The Website That Visualizes Human Activity in Cities Across the World
The data from mobile phones is revolutionizing our understanding of human activity. In recent years, it has revealed commuting patterns in major cities, wealth distribution in African countries, and even reproductive strategies in western societies. That has provided unprecedented insight for economists, sociologists, and city planners among others.
But this kind of advanced research is just a first step in a much broader trend. Phone data is set to become a standard resource that almost anyone can use to study and watch humanity continuously, much as they can now watch the weather unfold anywhere on the planet almost in real time.
But one thing is holding them back—the lack of powerful computational tools that can gather, crunch, and present the data in meaningful ways.
Today, that looks set to change to the work of Dániel Kondor and a few pals at the SENSEable City Laboratory, part of MIT, and at Ericsson, a company that produces network infrastructure technologies. These guys have unveiled a powerful online tool that uses mobile phone data to visualize human activity in cities all over the world.
This new tool, called ManyCities, allows anybody to study human activity in various cities with unprecedented detail. But the key is that it organizes and presents the data in intuitive ways that quickly reveals trends and special events.
Kondor and co show off their new toy by gathering mobile phone data from base stations across the cities of Los Angeles, New York, London, and Hong Kong between April 2013 and January 2014. The data includes the number of calls placed, the number of text messages sent, the amount of data downloaded and uploaded and the number of data requests at 15-minute intervals.
“The aggregated data does not include any sensitive customer information, but provides enough detail about the typical usage patterns on the scale of small neighborhoods,” say Kondor and co.
ManyCities then presents the data in three simple ways. The first shows how phone usage varies over time, revealing clear daily and weekly patterns as well as longer term trends. For example, ManyCities clearly shows a steady, long-term increase in data traffic, the effect of holidays, and how usage patterns change dramatically during important events like the Wimbledon tennis championship in London.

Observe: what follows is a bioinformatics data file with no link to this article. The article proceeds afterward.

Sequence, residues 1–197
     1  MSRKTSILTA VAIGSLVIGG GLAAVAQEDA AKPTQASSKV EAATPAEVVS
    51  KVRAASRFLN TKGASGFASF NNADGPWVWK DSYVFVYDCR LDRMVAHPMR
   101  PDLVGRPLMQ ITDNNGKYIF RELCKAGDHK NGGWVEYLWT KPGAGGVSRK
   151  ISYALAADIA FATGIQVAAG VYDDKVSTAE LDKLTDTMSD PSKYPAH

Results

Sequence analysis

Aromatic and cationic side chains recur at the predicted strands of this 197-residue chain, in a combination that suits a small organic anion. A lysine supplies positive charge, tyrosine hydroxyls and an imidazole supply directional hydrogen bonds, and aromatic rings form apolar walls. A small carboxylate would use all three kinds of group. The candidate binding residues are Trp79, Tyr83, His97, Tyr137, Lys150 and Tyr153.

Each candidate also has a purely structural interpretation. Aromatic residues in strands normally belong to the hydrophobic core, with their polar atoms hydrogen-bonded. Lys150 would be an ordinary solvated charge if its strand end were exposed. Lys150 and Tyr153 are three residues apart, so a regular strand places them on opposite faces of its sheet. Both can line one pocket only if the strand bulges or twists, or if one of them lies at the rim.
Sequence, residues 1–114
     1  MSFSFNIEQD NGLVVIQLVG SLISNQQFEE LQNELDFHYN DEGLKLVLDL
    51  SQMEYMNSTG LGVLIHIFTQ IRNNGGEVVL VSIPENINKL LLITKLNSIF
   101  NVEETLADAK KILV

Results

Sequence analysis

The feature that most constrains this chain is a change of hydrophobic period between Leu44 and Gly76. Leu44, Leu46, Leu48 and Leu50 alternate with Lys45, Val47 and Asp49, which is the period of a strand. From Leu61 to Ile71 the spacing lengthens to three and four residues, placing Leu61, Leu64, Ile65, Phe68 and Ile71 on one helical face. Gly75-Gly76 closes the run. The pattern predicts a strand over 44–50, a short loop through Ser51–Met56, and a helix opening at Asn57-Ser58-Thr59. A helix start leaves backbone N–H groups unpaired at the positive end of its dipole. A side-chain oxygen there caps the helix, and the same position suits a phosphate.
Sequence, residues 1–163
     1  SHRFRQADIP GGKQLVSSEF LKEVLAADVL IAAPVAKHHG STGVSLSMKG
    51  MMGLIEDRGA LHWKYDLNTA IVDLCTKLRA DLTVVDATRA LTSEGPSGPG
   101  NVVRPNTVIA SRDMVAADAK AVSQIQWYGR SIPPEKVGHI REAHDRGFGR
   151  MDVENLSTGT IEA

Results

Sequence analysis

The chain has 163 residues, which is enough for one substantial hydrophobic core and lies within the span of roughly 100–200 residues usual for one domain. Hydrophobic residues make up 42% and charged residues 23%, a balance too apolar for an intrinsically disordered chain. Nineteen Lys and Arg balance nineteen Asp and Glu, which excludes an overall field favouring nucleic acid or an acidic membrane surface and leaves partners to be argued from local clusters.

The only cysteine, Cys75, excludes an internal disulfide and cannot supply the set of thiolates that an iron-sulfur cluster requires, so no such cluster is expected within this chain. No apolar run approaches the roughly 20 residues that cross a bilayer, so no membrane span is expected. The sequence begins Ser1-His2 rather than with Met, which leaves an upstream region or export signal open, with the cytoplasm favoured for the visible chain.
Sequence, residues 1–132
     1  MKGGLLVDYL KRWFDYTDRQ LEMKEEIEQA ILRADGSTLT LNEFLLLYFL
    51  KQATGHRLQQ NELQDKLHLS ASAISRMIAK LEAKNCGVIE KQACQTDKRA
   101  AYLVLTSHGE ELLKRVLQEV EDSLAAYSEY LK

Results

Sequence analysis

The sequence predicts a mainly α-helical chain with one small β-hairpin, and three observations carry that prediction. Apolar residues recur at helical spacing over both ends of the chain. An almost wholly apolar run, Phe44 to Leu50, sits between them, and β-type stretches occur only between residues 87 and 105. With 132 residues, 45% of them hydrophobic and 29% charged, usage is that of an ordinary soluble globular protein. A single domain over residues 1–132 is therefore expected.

ManyCities also allows user to drill down into the data to compare patterns in different neighborhoods or in different cities. It shows, for example, that text message activity peaks in the morning in Hong Kong, in the evening in New York and at midday in London.
It also shows a peak in data usage in the evening in New York and Hong Kong. However, data usage plummets in the evening in London. “We speculate that [this] is the effect of cellular data traffic being especially expensive in London, prompting people to switch to much cheaper Wi-Fi networks when at home,” say Kondor and co.
ManyCities also shows how activity clusters in different parts of cities and by analyzing these clusters, it classifies them as residential or core business areas. This allows a detailed comparison of activities in cities in different parts of the world. Kondor and co say a remarkable finding of theirs is that while the activity in different business areas is similar, the activity in residential areas is much more variable. Just why isn’t yet clear.
The final way of representing the data is by sheer volume. This reveals the most active parts of a city and how this varies over time as well as allowing comparisons across the world.
That’s interesting work that provides an important insight into how mobile phone data is set to become a valuable resource for all kinds of users. Kondor and co have made it available at www.ManyCities.org for anybody to try.
This kind of tool is clearly evolving into a real time analytics tool. It’s not hard to imagine how people could use it to plan events such as conferences, sporting contests, or concerts or to plan emergency city infrastructure. One day people may even tune in to a “smartphone forecast” to find out if their phone will work when the big game kicks off that evening.
Ref: arxiv.org/abs/1509.00459 : Visualizing Signatures Of Human Activity In Cities Across The Globe
The inside story of how ChatGPT was built from the people who made it
Exclusive conversations that take us behind the scenes of a cultural phenomenon.
How Rust went from a side project to the world’s most-loved programming language
For decades, coders wrote critical systems in C and C++. Now they turn to Rust.
Design thinking was supposed to fix the world. Where did it go wrong?
An approach that promised to democratize design may have done the opposite.
Sam Altman invested $180 million into a company trying to delay death
Can anti-aging breakthroughs add 10 healthy years to the human life span? The CEO of OpenAI is paying to find out.
Get the latest updates from
MIT Technology Review
Discover special offers, top stories, upcoming events, and more.